Tuesday, December 25, 2018

fakin' spheres

There's an old edutainment toy Thinkin' Things Collection 2 - I cued that link to what I thought was the most interesting bit, wrapping bitmaps around spheres and cones and whatnot.

For funsies, I wanted to see if I could replicate the effect by (somewhat linear) taking a "view window" that slid across the square bitmap, then stretching it into a circle. The result, "sphereit", made an interesting visual effect but wasn't quite what I had hoped for... (in retrospect, too-cheat-y; the full width of each row gets stretched exactly the same amount, which isn't the case for a sphere.)

Also I made it MUCH harder on myself in solving the "what to do when the 'window' that we're using to map onto the front of the 'sphere' falls off the side" problem. The easiest solution would have been to construct a double-image offscreen graphic and slide the window across the center of that, resetting before reaching the edge. Instead I used two "windows" on a single-width bitmap, which made the math really tough to glue 'em back together at exactly the right proportions for displaying as a single thing. (I put back in a broken version at the lower right, since it was visually interesting.) Here are the notes I scrabbled onto my iPad to work it through.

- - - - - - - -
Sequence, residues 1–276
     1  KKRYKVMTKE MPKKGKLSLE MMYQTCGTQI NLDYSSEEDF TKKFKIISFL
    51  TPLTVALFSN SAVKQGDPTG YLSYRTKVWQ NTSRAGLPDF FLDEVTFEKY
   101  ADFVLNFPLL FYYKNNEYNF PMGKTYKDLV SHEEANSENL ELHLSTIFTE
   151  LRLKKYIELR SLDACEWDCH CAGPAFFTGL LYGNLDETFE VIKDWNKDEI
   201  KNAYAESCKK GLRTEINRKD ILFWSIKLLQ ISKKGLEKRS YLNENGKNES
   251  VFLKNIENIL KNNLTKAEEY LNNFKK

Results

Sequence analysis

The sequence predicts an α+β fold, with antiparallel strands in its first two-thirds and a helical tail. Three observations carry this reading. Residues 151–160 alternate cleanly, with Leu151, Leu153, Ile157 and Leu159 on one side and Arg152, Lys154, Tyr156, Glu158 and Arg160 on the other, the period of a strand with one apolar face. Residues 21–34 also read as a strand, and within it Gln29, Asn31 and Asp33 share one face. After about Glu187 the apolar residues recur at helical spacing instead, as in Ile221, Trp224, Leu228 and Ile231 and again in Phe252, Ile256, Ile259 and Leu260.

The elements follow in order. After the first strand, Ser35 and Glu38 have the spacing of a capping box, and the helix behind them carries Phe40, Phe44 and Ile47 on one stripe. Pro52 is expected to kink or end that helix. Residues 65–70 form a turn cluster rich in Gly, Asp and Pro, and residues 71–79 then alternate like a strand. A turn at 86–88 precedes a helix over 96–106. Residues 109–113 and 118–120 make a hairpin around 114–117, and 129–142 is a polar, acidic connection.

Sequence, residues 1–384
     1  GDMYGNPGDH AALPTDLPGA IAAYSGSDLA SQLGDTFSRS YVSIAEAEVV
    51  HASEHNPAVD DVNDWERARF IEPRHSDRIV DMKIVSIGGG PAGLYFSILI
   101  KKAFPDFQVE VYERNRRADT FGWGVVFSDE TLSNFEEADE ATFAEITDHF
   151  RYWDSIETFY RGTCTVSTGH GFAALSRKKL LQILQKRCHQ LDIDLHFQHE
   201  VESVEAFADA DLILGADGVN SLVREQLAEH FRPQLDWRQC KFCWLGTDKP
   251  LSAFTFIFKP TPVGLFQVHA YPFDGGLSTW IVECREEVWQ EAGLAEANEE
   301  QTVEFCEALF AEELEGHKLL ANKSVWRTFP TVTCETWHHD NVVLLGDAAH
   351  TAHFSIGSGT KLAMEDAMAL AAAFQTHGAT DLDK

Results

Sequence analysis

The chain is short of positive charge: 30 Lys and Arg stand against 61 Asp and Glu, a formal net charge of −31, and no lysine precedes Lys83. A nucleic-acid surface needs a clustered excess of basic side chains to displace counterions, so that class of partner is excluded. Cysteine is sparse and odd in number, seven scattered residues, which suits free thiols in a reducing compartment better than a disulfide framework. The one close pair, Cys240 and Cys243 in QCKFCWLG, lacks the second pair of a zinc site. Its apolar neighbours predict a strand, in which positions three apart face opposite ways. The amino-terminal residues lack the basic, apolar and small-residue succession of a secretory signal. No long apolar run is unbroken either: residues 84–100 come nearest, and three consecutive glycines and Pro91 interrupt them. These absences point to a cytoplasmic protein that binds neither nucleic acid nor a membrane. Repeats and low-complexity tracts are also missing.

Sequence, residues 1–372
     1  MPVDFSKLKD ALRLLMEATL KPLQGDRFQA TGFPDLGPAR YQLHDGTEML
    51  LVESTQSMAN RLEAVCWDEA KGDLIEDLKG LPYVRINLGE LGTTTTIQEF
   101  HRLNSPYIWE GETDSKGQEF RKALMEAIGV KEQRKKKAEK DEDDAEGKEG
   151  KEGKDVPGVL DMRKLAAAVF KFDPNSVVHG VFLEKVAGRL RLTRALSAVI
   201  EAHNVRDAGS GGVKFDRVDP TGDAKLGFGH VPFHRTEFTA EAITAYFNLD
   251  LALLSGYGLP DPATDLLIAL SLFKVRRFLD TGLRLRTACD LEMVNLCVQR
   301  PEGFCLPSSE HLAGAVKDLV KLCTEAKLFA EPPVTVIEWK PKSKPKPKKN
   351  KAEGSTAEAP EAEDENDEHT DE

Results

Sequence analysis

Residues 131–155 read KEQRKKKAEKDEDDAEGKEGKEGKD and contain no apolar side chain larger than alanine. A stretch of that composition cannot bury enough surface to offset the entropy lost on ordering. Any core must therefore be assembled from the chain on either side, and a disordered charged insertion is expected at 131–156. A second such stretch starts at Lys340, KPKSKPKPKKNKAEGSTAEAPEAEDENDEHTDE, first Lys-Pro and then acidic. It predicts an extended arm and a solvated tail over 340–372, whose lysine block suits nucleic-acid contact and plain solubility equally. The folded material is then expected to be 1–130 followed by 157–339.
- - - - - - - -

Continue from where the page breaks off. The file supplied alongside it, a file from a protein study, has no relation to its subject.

I've always been interested in ways of faking 3D. One of the coolest I used in my 2012 Advent Calendar entries frostyspin and treemergent - I first saw the effect on a interactive exhibit at the defunct Boston Computer Museum - if you have enough particles following a simple rule of "if you're left of center accelerate to the right a bit, and vice-versa" a pleasing illusion of rotating depth soon appears. (Interestingly, there's nothing in the display that says "this is going clockwise" or counter-clockwise, and with some mental effort you can get it spinning the other way.)

Anyway, Happy Holidays to all!

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